FIG. 37A shows an array in masking mode with even rows and even rows having the same rightwards phase shift (-PhaseA. Referring to FIG. 34, a selector 283 controlled by the row selector signal VSQ produces a control signal MaskCtrl which is applied to a selector 289. Selector preloads the Mask Counter 279 with a value Hex 3FFF (−1) at the occurrence of IP_H at the beginning of each active line. Counter 279 counts phaseReset produced when H counter first counts down to zero at the point indicated by the dashed line at the left of FIG. 37A, setting the mask count to 0. Then the counter 279 counts CntReset pulses until the count=NUM−1=2. The signal maskerror then becomes ‘0’, inhibiting the producing of HTS pulses.
Referring to FIG. 37B, the array has the same leftwards shift+PhaseA for all rows.
Selectors 283 and 289 preload the MaskCounter 279 with count zero (Hex 0000, LSB0) at IP_H. The Mask counter 279 counts cntReset pulses until its count is NUM−1=2, wherein maskError becomes ‘0’ inhibiting the production of HTS pulses.
FIG. 37C shows the situation in which even rows (0, 2, . . . ) are as shown in FIG. 37A, and odd rows (1,3) are as shown in FIG. 37B.
FIG. 37D shows the situation in which odd rows are as shown in FIG. 37A and even rows are as shown in FIG. 37B.
FIGS. 37A to D show situations in which the mask counter counts the same number of phaseReset OR cntReset pulses for both odd and even rows.
FIG. 37E shows a situation in which the odd row is shifted leftwards by +Shift0 relative to the even rows, which are also shifted leftwards by +PhaseA. As a result the even rows have 4 tiles 0 to 3 but the odd row has only 3 tiles 1, 2, 3, the zeroth tile being shifted left of the frame edge. The even rows are controlled as described with reference to, for example, FIG. 37B, the counter being loaded with Hex0000, LSB0(0). For the odd row, the mask counter 279 is preloaded by selectors 283 and 289 with a count Hex 0000, LSB1 (+1). The signal maskError becomes zero at NUM−1=2 inhibiting the production of further HTS pulses as described above. In general, the LSB of the mask counter load value is set to 1 if all tiles are moved left, even(all) rows are moved one fewer tile boundaries than odd row(s), the phase shift of even (all) rows is less than one tile width and the additional shift of odd rows is greater than one tile boundary.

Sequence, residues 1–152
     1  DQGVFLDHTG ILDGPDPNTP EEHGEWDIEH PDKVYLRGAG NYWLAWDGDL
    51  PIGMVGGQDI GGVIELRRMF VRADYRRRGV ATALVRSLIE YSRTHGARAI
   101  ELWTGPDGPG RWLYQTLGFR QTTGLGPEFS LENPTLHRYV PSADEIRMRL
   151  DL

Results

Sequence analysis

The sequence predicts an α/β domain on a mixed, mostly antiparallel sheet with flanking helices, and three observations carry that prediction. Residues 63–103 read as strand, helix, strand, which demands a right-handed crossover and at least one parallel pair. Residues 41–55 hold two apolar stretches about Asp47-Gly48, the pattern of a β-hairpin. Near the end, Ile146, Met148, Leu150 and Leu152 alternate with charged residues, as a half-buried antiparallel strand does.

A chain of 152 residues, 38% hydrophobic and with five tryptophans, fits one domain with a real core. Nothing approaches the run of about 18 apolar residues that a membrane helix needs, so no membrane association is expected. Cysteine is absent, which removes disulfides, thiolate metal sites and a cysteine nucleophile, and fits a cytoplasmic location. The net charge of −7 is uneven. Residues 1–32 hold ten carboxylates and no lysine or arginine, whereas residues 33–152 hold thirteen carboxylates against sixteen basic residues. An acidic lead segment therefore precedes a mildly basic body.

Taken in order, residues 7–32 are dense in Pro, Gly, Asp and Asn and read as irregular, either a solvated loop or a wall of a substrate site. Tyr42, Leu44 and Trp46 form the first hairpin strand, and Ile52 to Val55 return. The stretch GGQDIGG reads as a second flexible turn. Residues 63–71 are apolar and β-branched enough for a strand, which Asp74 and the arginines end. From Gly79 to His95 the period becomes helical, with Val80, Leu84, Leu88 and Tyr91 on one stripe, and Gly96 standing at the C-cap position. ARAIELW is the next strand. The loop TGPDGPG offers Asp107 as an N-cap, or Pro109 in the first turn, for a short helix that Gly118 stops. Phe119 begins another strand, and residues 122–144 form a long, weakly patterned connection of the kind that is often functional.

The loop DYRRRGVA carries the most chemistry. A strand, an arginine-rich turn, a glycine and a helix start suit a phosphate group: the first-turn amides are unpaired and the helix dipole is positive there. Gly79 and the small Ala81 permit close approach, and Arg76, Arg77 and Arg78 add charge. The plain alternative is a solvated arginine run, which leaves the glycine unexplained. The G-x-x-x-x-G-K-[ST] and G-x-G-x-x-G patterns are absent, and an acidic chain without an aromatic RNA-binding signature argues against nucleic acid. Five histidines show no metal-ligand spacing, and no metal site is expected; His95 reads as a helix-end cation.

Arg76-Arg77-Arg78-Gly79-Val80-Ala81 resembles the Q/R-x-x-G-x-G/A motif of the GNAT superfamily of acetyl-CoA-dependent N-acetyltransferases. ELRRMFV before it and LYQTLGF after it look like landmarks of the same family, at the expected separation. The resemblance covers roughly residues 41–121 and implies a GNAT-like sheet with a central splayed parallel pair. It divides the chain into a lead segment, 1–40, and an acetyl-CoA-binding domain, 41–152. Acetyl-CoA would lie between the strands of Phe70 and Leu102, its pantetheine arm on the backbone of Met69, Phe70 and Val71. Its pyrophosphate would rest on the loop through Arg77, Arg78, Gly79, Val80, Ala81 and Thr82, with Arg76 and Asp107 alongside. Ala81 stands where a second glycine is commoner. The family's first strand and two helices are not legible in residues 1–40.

FIG. 37F shows the situation in which the even rows are shifted leftwards by +PhaseA and the odd row is additionally shifted rightwards by −Shift0 relative to the even rows. The magnitudes of the shifts are such that the even rows have 3 tiles which cause 2 cntReset pulses to be produced, whilst the odd rows have 4 tiles which cause 3 cntReset pulses to be produced. In this example, the mask counter is preloaded with zero for all rows. However, an adder 299 is actuated for the odd row to add 1 to the reference count applied to the comparator 280. In general, the adder 299 adds 1 if all tilse are shifted left, even (all) rows are moved one more tile boundary than odd row(s), the phase shift of even (all) rows is greater than one tile width and the additional shift of odd row(s) is less than one tile width.
Whilst only 3 rows are shown in FIG. 37, more than 3 rows can be provided. Also, FIG. 37 shows shifting of all rows horizontally only. Vertical shifting of all rows can be provided. The vertical controller of FIG. 35 has a vertical mask counter 295, comparater 296 and a preload selector 297 corresponding to horizontal mask counter 279, comparator 280 and selector 289 of FIG. 34. The vertical controller operates similarly to the horizontal controller and will not be further described.
The vertical position of the array of tiles is similarly controlled in the vertical control signal generator of FIG. 35. Comparison of FIGS. 34 and 35 will show they are in principle identical and thus they will not be further described.
FIG. 40 shows an embodiment of the ramp generator of FIG. 5 modified to implement the production of arrays of tiles as shown in FIGS. 29 to 33, 36, 37 and 39. The generator differs from that of FIG. 5 by the addition of Start registers C2 and C4 and of feedback register FB3. FIG. 39 shows by way of example an array of tiles subject to phase offset and, on odd rows, additional shift. It is initially assumed that all the shaded tiles away from the left and top edges of the frame, contain identical ramps defined by
These ramps are generated in the same way as discussed above with reference to FIG. 5. The horizontal accumulation takes place in register FB1. The values of the coefficients A, B and C1 are stored in registers R1, R2 and R3 as in FIG. 5.